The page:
Arthroscopic Bankart Repair
The shoulder is one of the largest and most complex joints in the human body. The humerus (upper arm bone) and the scapula (shoulder blade) join to form the shoulder joint. It is also referred to as a ball and socket joint and is surrounded by muscles, ligaments, and tendons.
The labrum is a cartilage present in the shoulder joint. It is a firm ring of tissue around the socket of the shoulder. A labral tear causes shoulder pain and instability. These tears result when there is a shoulder injury such as a fall on an outstretched hand. Overuse injuries also can cause labrum tears.
A Bankart lesion is a shoulder injury that occurs due to a labrum tear causing instability and recurrent dislocations of the shoulder joint.
Arthroscopic Bankart repair is a minimally invasive surgical procedure performed to reattach and tighten the detached labrum within the shoulder joint.
- Shoulder dislocations
- Torn labrum
- Recurrent shoulder instability
The objective of the surgery is to restore the normal anatomy of the shoulder by repair and reattachment of the torn labrum.
Bankart repair can be performed surgically with an arthroscopic technique under general anaesthesia.
Arthroscope is a small fibre-optic viewing instrument made up of a tiny lens, light source and video camera. The camera attached to the arthroscope displays the image of the joint on a monitor, allowing the surgeon to view throughout the shoulder- cartilage, ligaments, and the labrum.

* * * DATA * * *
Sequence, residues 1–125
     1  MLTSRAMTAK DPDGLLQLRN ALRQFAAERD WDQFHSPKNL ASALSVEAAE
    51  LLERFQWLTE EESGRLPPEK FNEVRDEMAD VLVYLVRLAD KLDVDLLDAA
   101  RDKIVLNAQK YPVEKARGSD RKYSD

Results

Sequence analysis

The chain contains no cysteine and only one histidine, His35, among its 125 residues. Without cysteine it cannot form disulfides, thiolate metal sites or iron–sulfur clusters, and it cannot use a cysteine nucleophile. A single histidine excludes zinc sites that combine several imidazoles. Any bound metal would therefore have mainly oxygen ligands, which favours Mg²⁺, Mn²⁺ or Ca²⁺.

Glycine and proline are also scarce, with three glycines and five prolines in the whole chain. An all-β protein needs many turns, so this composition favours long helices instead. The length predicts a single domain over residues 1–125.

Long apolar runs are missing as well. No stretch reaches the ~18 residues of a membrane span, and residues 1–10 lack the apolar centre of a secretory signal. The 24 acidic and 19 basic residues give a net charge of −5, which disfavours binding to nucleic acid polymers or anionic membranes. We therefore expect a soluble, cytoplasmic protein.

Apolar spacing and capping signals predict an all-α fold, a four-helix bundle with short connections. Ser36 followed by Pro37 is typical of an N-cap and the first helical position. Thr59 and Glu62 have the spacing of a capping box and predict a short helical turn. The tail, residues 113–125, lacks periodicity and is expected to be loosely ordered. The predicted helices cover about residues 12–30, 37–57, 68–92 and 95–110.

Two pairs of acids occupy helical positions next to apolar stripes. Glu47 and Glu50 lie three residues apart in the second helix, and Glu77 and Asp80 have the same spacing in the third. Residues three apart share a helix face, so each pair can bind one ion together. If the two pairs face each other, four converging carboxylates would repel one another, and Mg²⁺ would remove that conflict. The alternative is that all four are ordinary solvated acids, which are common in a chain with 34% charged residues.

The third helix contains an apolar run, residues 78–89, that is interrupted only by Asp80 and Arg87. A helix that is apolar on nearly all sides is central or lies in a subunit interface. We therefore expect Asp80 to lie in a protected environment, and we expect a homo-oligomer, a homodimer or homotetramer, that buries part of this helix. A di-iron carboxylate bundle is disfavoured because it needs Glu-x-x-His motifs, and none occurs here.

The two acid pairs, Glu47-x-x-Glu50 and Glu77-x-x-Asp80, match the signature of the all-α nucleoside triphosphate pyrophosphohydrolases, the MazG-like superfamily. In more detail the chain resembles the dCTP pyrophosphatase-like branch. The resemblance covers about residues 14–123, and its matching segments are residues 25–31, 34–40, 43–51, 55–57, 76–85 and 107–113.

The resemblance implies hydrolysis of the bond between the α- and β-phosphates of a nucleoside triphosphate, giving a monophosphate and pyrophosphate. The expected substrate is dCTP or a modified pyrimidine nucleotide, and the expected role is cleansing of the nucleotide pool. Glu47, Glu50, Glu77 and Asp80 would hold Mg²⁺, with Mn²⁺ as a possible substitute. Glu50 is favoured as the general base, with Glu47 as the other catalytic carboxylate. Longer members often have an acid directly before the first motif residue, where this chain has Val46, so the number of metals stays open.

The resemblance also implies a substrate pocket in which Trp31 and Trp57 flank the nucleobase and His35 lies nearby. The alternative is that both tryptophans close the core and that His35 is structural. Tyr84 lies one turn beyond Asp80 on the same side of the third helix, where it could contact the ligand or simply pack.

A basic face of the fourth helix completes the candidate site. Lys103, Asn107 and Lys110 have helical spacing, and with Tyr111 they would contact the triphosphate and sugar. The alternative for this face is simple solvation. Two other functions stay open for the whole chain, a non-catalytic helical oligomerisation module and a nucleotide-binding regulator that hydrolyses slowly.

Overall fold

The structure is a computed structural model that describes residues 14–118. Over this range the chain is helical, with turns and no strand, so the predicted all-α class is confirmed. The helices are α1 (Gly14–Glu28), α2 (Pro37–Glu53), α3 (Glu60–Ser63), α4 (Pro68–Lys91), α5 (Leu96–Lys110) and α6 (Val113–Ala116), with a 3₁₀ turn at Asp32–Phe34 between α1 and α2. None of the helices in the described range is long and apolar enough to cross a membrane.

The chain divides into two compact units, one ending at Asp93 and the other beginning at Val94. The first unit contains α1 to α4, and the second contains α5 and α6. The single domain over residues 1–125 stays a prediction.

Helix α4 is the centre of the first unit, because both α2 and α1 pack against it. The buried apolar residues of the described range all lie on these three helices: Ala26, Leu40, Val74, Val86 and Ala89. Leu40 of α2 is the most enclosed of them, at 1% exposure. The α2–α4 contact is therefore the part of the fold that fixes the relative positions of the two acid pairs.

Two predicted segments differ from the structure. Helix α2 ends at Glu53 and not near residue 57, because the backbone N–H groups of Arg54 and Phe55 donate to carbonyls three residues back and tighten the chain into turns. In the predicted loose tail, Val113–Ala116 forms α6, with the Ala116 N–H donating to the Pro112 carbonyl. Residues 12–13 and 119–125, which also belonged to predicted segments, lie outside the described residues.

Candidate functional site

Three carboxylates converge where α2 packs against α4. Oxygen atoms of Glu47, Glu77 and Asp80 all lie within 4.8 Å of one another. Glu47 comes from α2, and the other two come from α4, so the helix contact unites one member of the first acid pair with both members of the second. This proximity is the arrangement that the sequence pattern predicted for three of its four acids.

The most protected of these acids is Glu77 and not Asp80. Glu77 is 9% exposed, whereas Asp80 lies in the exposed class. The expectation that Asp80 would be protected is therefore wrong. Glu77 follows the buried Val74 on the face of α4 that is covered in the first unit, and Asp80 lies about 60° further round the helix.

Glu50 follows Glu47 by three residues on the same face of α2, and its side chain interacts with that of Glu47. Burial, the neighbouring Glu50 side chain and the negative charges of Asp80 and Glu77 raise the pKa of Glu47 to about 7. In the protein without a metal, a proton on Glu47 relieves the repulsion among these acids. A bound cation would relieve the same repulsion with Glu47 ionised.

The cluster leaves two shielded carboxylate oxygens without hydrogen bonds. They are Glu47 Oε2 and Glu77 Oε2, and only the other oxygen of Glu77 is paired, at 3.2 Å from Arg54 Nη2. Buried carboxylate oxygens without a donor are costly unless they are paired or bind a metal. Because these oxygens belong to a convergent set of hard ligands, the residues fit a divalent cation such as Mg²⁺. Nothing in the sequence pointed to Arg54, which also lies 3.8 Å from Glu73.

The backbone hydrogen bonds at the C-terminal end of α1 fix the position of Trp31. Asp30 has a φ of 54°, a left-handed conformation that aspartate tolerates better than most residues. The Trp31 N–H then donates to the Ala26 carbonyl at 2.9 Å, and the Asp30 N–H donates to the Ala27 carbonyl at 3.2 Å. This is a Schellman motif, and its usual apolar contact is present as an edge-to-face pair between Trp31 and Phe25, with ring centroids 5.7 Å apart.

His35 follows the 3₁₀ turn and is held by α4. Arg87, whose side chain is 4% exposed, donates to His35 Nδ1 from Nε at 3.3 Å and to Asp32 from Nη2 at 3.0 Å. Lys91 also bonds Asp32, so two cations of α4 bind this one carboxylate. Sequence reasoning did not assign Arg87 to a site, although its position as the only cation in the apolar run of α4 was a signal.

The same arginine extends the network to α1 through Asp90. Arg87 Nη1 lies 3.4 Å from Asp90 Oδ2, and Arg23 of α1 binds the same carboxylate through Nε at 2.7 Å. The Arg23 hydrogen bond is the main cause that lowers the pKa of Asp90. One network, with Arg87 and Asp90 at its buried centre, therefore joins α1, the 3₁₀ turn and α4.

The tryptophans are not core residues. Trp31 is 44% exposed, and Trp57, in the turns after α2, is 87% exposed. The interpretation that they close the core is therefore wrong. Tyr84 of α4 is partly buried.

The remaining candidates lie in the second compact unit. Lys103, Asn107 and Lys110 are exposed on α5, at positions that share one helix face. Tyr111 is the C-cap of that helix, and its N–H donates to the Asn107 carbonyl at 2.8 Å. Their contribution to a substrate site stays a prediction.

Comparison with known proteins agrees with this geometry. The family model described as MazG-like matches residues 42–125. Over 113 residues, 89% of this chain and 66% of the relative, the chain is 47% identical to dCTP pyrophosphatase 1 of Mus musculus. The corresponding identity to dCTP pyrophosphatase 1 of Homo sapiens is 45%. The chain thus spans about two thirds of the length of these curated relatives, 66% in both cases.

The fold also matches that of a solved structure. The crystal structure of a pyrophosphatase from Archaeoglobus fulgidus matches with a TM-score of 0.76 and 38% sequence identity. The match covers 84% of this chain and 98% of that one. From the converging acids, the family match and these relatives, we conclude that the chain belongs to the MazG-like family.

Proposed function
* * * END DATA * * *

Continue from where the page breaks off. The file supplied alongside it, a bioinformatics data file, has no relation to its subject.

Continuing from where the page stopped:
The approach for surgery is from the front (anterior) aspect of the shoulder. The surgeon makes small incisions around the joint. In one incision, the arthroscope is introduced to view the shoulder joint. Along with the arthroscope, sterile solution is injected to the joint which expands the shoulder joint, giving the surgeon a clear view to operate. Other portal is used for the insertion of surgical instruments to probe various parts within the joint to repair and reattach the damaged labrum. At the end of the procedure, incisions are closed with sutures.
The benefits of arthroscopy are smaller incisions, faster healing, a more rapid recovery, shorter rehabilitation period, and less scarring. Arthroscopic surgical procedures are often performed on an outpatient basis and the patient is able to return home on the same day.
It is much less traumatic to the muscles, ligaments and tissues than the traditional method of surgically opening the shoulder with long incisions (open techniques).
After the surgery
Following the surgery, your surgeon may recommend you follow certain measures for a successful outcome:
- Your doctor will prescribe medications to relieve pain.
- Appling ice-packs wrapped in a towel on the shoulder for about 20 minutes, 3-4 times a day helps reduce post-operative swelling.
- Your surgeon will develop a rehabilitation program following surgery to improve the shoulder strength and range of motion.
- Return to normal activities once you feel comfortable and a follow-up appointment should be scheduled 8-10 days after surgery to examine your progress.
Risks and Complications
Complications of arthroscopic Bankart repair include infection, bleeding, damage to any nerve or blood vessel or delayed healing after the surgery. In certain cases stiffness of the shoulder joint may develop after the surgery.
Other Shoulder Procedures
- Shoulder Arthroscopy
- Arthroscopic Bankart Repair
- Rotator Cuff Repair
- SLAP Repair
- Arthroscopic Debridement
- Biceps Tenotomy and Tenodesis
- Latarjet Procedure (Coracoid Transfer) for Shoulder Instability
- AC Joint Reconstruction
- Pectoralis Major Repair
- Superior Capsule Reconstruction
- Shoulder Joint Replacement
- Partial Shoulder Replacement
- Reverse Shoulder Replacement
- Revision Shoulder Replacement